Tag Archives: World War II

Commemorative Fireworks Display for the Dambusters 70th Anniversary

Dambuster

The 16/17th May 2013 was the 70th anniversary of Operation Chastise.

Operation Chastise was a World War II top secret mission carried out on the night of 16/17th May 1943 by the 617 Squadron who were also known as ‘The Dambusters’.

They were known as the Dambusters as their mission during World War II was to use specially-developed ‘bouncing-bombs’ to attack the dams which provided power and water to the Ruhr valley in Germany, which was the main industrial area of Germany.

On Saturday 18th May 2013 Knights of Fire Fireworks put on a fireworks display at the 617 Squadrons Association’s dinner to commemorate the 70th anniversary of Operation Chastise. Included in the audience were two veterans who took part in the Dambusters mission in 1943. The display was an overwhelming success and was described as a ‘fantastic and fitting tribute to the Dambusters’.

The fireworks display was held at Petwood Hotel in Lincolnshire which was used as the 617 Squadron’s Officers’ mess from 1943 to 1945.

Please see below for a video of the fireworks display.

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dambusters memorial

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Victory Day Fireworks 2013

Праздничный салют на Днепре в честь дня Победы! Было недолго, но очень красиво! Стреляли с баржи, как обычно, на воде. Victory Day fireworks. Photo by my wife @juliabelch. #victory #day #firework #fire #light #night #river #holiday #shot #instamood #insta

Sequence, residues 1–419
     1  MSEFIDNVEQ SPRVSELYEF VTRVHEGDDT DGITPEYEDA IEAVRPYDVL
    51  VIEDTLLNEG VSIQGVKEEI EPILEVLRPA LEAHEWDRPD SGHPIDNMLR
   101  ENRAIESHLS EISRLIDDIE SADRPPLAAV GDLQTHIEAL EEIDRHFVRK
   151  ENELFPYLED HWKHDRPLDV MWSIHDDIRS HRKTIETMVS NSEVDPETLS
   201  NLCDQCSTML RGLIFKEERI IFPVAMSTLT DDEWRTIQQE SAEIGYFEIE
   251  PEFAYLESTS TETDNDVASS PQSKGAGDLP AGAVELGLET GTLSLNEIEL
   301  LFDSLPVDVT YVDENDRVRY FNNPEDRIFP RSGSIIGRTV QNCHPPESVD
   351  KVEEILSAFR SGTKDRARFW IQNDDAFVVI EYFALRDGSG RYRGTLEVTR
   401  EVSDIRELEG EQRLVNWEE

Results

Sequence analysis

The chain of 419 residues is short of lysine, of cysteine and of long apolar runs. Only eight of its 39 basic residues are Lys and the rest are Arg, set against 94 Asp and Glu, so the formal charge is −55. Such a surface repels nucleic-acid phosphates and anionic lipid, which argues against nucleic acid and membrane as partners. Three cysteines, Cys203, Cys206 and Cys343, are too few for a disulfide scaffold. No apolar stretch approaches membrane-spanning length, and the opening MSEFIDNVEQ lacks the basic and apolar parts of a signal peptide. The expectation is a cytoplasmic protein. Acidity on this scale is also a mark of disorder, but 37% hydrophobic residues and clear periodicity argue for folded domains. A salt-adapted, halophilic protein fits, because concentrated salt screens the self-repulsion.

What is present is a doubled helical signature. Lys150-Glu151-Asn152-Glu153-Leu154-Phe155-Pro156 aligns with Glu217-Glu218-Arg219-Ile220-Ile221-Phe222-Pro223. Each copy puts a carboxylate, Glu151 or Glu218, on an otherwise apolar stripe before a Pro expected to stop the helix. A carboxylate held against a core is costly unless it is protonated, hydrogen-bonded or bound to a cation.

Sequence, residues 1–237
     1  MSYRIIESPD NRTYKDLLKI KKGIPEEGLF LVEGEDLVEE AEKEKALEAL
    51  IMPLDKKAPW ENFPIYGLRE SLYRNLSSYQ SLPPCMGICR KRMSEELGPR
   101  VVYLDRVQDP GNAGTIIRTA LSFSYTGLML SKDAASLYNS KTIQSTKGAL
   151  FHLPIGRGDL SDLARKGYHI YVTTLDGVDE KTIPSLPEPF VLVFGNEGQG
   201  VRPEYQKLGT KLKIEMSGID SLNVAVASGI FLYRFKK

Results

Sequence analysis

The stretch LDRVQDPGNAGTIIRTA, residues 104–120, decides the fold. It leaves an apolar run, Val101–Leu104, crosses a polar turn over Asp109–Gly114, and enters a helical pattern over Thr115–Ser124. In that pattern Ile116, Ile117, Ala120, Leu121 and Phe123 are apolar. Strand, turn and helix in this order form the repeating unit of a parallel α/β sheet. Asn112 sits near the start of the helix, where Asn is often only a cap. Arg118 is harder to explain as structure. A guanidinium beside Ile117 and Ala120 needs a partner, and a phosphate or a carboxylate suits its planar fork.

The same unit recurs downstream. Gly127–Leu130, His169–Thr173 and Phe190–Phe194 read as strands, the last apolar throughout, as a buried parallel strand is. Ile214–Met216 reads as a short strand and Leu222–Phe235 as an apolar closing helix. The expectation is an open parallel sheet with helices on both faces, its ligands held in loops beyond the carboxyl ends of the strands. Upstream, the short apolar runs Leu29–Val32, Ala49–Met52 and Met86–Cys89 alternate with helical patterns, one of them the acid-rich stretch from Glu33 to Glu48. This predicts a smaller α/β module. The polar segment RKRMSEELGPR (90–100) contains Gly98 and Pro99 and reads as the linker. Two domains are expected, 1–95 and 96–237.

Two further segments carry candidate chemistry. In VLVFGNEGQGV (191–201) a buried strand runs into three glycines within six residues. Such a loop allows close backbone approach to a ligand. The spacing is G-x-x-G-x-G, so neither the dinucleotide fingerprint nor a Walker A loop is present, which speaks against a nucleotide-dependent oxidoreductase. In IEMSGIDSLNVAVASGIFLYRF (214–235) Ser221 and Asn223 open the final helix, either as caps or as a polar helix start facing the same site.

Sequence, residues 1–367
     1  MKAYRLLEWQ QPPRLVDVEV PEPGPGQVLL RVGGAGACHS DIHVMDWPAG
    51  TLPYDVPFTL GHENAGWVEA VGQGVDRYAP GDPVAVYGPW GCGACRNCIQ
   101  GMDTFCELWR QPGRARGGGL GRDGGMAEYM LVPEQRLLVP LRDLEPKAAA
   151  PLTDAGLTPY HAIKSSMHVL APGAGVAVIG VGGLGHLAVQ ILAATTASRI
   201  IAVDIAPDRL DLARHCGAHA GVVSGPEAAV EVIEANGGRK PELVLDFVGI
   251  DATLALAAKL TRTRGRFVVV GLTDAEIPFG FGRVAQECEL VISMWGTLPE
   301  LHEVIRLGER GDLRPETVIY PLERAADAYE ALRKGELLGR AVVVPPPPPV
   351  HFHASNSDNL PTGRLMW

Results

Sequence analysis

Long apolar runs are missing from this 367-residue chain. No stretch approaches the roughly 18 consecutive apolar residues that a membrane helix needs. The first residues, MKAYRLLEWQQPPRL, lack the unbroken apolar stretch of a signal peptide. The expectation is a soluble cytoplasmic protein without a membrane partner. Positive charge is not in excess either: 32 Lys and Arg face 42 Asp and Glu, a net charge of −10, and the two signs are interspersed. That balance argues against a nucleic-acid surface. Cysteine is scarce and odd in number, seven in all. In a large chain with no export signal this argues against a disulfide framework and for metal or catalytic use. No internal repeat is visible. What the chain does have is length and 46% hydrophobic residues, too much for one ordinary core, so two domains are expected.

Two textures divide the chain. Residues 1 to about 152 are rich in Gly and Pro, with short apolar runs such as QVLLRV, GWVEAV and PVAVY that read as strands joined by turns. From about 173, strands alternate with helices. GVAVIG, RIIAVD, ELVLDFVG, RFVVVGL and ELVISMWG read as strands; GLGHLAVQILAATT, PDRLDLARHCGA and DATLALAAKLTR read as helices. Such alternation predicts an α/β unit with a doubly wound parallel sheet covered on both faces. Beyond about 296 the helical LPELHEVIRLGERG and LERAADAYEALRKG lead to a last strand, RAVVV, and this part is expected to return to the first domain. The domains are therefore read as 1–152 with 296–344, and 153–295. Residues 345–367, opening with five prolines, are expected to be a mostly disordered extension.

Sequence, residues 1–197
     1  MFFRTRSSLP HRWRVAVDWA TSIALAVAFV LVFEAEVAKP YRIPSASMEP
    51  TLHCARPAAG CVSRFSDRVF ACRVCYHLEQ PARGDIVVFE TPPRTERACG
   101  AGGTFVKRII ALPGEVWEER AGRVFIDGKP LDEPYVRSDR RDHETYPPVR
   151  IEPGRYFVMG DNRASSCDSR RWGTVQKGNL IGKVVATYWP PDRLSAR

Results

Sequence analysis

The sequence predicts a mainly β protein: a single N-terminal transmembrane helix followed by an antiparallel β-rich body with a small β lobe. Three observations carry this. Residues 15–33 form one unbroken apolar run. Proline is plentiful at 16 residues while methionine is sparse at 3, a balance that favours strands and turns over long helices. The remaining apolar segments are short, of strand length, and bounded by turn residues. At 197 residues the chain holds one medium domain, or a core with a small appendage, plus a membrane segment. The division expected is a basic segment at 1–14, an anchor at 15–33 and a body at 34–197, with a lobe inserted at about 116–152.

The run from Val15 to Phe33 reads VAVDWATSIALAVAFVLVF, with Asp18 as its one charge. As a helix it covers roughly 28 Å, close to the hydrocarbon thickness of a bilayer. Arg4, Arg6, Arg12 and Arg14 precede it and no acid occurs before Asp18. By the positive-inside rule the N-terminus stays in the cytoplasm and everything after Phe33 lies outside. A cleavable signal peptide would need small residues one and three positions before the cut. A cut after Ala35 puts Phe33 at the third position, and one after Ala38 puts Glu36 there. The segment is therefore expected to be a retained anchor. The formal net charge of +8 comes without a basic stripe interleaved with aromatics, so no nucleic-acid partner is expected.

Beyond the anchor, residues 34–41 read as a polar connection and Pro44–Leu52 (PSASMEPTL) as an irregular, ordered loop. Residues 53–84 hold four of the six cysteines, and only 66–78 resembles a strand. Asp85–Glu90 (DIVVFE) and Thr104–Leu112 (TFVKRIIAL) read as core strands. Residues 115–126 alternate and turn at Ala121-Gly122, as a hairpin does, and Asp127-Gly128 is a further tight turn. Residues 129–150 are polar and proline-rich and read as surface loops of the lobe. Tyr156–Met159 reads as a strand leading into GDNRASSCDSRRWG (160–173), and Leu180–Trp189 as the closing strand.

Sometimes I ponder the rationale behind using fireworks in celebration of winning wars or other political and religious fighting but it is very much the done thing nowadays. Think 4th July – the American War of Independence – the war with England for independence, Bonfire Night – religious fighting, Victory Day in Russia – the end of WWII and they are all celebrated with fireworks.

In some respects, it is challenging the explosive power of bombs and artillery and changing them into something truly beautiful.

Yesterday evening, for example, the skies over Moscow were alight with the sights, sounds and aromas of fireworks as the people of Russia celebrated Victory Day in the heart of Russia. The public holiday is in recognition of the eventual overthrowing of Hitler’s Nazi regime and the end of World War II.

Whilst the UK lost over 450 thousand lives which were around 10% of the population of the UK and its colonies which at the time stood at just over 47 million, the Soviet Union lost a staggering 43.3 million lives, 27 million of which were serving in the armed forces.